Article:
Criminal Injustice: Racist Cruelty

10000 too many

Protest and campaigning inside and out has put the justice system under the spotlight.

Nine years of National rule has left a cruel and brutalising legacy in New Zealand’s criminal justice system. Last year the prison population reached 10,100, an all-time high. The number of people incarcerated has increased by 364 percent in the last 30 years, according to researcher Roger Brooking. The system is racist. Over half of the prison population is Māori, and Māori are more likely to be arrested, prosecuted, and given custodial sentences than non-Māori. National’s changes to the bail laws in 2013 made it much more difficult for those facing trial to get bail, leading to still more people spending time in prison. The situation is stark. According to OECD statistics, as of May 2018 New Zealand has 220 prisoners per 100,000 people, the fifth highest incarceration rate in the developed world.

Two things have got us into this sorry situation. Decades of bipartisan support for neoliberalism resulted in alienation as poverty grew and housing conditions deteriorated. The conditions that drive crime worsened.  Secondly, National and Labour, and the mass media giving publicity to the cranks of Garth McVicar’s Sensible Sentencing Trust, indulged in the crudest penal populism until a vicious “tough on crime” rhetoric was normalised. Crimes rates began to drop in the 1990s, but four new prisons were built in the 2000s as the number of people imprisoned continued to rise. The rate for Māori women is especially awful, as Moana Jackson has shown, growing from around 20 percent of the female prison population in the 1980s to 60 percent today. The prisons are overcrowded, humiliating, a source of loneliness and misery to those inside and their families outside, and they generate ongoing social costs, not least more crime.

In this context, Jacinda Ardern and Andrew Little’s commitment to reforming the justice system is to be welcomed.  When Andrew Little dismissed the Sensible Sentencing Trust as “callous” in June it indicated a shift in mainstream politics. The damage “tough on crime” policies have done to society – and the amount they cost – is recognised now in mainstream liberal and reformist circles. Andrew Little and Kelvin Davis have both talked about Labour’s commitment to reducing prison numbers, and Little is considering reforms to the bail laws.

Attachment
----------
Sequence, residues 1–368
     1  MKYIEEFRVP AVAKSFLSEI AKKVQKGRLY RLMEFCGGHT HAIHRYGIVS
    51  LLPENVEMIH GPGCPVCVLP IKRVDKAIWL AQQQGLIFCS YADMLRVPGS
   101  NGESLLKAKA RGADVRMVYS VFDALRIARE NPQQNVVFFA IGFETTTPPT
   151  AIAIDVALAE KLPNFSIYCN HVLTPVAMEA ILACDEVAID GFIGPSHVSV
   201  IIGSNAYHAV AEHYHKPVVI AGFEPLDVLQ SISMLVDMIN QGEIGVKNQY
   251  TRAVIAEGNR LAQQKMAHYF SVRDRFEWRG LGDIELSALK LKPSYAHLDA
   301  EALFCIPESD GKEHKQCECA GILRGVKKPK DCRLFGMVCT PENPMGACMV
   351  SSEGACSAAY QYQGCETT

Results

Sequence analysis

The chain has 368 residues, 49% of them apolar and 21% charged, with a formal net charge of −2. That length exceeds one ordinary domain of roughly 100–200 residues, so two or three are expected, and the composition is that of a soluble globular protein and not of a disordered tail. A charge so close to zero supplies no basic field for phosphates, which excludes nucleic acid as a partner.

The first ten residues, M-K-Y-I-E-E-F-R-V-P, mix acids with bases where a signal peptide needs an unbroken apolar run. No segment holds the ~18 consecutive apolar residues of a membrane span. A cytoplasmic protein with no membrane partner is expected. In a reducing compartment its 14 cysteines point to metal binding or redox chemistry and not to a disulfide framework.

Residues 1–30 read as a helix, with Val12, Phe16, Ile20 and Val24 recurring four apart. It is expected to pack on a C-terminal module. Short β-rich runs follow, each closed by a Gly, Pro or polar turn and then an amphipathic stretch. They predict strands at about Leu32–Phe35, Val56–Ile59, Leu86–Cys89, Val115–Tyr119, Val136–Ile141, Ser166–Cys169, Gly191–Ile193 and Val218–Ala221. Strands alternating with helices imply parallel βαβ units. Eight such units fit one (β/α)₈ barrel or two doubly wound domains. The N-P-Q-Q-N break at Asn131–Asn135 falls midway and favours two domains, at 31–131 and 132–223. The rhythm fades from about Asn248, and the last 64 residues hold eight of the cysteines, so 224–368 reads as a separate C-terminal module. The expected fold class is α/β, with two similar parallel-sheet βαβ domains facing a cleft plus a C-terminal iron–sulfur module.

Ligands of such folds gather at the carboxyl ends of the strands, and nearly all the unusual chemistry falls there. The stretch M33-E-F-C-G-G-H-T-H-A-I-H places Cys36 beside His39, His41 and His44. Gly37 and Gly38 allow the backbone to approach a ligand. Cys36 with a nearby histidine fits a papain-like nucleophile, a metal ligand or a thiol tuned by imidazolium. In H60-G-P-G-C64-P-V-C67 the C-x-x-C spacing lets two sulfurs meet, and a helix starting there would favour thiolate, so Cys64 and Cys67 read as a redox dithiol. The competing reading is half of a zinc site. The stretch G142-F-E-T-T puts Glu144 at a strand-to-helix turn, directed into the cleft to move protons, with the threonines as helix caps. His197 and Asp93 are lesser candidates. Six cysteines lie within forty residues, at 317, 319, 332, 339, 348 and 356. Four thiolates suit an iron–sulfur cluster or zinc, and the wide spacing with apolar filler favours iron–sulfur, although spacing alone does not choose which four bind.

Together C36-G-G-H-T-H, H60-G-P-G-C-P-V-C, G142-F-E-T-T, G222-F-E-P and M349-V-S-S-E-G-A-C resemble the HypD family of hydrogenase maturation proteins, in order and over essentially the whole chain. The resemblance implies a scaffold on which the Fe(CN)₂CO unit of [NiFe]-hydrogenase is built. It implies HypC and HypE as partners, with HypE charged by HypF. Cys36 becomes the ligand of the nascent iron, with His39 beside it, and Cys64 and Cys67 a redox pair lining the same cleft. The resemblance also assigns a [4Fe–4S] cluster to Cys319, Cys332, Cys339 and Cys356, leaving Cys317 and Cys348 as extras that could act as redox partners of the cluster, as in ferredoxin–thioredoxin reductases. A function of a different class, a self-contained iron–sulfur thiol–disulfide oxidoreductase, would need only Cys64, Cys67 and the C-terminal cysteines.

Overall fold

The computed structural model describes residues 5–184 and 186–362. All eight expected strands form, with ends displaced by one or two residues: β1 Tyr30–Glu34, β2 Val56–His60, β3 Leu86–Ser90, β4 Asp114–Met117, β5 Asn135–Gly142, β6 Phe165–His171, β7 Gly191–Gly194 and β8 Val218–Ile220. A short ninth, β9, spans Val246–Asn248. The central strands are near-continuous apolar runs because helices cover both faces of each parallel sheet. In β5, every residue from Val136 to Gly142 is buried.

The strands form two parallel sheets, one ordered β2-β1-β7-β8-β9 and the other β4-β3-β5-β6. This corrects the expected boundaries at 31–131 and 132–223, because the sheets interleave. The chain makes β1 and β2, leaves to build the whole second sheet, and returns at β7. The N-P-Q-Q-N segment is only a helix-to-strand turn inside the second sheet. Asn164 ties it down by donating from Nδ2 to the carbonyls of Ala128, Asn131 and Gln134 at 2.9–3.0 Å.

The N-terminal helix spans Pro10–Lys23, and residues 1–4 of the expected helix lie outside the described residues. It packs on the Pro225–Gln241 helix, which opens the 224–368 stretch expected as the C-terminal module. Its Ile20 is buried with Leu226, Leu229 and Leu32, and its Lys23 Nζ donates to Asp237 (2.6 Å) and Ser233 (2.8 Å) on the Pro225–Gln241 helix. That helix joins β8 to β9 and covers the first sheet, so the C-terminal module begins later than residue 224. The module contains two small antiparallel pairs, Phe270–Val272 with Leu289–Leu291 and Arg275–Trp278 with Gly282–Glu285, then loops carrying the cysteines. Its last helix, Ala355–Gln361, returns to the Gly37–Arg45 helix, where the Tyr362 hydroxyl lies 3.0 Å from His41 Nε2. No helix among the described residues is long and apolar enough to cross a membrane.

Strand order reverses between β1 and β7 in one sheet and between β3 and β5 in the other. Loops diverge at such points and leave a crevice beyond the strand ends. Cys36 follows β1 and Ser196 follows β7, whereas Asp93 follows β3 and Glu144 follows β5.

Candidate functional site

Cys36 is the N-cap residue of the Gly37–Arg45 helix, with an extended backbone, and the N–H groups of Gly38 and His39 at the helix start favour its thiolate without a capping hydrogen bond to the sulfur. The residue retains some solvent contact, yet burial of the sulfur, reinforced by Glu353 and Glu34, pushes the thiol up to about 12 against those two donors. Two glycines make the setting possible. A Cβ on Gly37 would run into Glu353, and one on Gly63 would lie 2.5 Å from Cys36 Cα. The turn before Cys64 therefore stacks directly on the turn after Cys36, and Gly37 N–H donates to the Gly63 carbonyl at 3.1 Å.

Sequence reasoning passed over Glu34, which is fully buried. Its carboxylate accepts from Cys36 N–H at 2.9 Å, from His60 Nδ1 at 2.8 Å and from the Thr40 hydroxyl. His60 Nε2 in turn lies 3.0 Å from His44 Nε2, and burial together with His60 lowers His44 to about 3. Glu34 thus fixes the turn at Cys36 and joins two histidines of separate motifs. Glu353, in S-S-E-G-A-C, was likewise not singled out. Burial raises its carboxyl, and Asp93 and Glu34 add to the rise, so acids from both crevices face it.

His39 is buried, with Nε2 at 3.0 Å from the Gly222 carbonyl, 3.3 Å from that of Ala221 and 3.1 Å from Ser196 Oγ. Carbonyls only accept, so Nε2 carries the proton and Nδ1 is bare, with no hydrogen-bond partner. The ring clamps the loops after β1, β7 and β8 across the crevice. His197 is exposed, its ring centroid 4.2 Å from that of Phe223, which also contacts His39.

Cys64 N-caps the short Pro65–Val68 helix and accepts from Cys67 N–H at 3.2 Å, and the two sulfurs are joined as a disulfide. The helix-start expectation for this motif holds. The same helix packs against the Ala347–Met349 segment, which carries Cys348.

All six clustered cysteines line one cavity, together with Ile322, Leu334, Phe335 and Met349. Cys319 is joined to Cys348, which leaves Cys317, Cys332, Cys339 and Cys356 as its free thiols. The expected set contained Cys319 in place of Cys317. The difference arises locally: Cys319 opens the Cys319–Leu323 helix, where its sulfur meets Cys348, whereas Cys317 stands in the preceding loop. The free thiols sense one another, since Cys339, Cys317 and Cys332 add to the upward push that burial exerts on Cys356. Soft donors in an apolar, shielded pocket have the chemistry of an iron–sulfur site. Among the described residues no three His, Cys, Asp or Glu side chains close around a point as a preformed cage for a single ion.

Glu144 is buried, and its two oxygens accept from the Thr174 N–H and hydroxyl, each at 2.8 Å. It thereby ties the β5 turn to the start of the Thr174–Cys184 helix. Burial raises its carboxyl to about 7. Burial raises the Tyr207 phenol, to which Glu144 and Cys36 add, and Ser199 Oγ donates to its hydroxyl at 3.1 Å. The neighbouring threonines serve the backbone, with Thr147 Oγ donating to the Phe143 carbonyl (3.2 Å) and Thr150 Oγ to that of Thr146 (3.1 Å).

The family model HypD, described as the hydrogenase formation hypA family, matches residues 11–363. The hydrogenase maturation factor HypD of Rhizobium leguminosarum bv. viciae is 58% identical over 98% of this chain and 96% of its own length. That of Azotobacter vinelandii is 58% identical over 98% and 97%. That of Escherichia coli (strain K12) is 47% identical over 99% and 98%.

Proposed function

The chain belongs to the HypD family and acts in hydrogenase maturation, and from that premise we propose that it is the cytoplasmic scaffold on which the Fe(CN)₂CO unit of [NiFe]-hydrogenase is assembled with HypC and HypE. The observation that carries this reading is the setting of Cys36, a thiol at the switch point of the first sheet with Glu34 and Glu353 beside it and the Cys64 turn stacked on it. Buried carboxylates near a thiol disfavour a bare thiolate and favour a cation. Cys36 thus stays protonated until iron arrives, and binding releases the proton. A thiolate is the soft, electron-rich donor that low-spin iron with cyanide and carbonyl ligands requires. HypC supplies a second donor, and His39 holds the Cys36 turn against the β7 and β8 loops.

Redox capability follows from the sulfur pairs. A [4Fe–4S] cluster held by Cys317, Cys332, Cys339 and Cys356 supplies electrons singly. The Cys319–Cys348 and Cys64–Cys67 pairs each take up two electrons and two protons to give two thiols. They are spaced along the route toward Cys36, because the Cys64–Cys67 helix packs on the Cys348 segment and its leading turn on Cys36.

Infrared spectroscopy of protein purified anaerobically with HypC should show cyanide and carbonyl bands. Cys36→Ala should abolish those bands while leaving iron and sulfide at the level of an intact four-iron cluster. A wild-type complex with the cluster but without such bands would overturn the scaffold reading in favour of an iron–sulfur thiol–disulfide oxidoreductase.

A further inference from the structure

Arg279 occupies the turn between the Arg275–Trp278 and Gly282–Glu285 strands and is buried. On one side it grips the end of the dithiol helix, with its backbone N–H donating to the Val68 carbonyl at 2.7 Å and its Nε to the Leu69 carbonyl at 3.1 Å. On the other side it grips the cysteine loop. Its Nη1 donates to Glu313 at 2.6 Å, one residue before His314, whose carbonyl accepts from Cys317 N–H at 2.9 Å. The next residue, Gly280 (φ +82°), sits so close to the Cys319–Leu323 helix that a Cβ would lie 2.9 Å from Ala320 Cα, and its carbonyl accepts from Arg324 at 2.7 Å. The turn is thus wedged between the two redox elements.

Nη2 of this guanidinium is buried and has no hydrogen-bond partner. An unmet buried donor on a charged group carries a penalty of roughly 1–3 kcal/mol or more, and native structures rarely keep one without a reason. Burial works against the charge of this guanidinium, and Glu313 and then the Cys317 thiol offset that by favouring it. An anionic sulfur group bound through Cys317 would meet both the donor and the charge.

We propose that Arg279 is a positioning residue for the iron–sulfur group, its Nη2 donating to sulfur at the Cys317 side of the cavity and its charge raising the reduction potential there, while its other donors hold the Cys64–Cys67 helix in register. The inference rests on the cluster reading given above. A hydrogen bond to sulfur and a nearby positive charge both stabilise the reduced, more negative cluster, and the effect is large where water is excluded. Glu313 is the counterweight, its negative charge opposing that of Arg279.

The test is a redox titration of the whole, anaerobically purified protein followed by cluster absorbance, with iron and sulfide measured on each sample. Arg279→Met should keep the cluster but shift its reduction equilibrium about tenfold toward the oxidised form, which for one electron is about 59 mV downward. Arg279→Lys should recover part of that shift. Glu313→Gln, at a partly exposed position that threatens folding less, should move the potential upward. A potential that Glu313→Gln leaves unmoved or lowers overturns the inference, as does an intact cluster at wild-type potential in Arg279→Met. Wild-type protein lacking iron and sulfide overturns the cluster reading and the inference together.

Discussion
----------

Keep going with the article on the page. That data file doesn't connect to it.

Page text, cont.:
All of this should be supported by socialists. But we must not give the government a free pass, either. Right-wing pressure from New Zealand First has already scuppered Little’s plans to scrap the unjust Three Strikes Law. The way this law works is that, for serious offences, on the second conviction a final warning is issued and a full term of imprisonment is served without the possibility of parole. On a third conviction the court must impose the maximum penalty for the offence with no parole. Third convictions are rare, but in 2017 there were 85 final warnings issued.

The government scrapped National’s 2,500-bed plan, but it is still going ahead with redeveloping Waikeria for a net increase of 174 beds. It has also commissioned 976 “rapid build” beds across the prison network. Labour spokespeople have made much of the fact that Waikeria will not be an “American-style” mega-prison, and Green MP Golriz Gharaman welcomed the “human-rights based approach” the plans supposedly espouse. But the facts are otherwise. Half of all cells in the rebuilt prison will be shared, in breach of the United Nations Standard Minimum Rules for the Treatment of Prisoners. Double bunking means prisoners have no privacy, no time to process their day, and can be a source of risk for violence and rape. A prisoner at Spring Hill told the Howard League for Penal Reform that double-bunking was like “a hell on earth”. More than a third of the current prison population is double bunked, and proposed changes to the law could further normalise this, as well as the use of police cells. The Human Rights Commission has criticised these changes for denying prisoners recognised rights.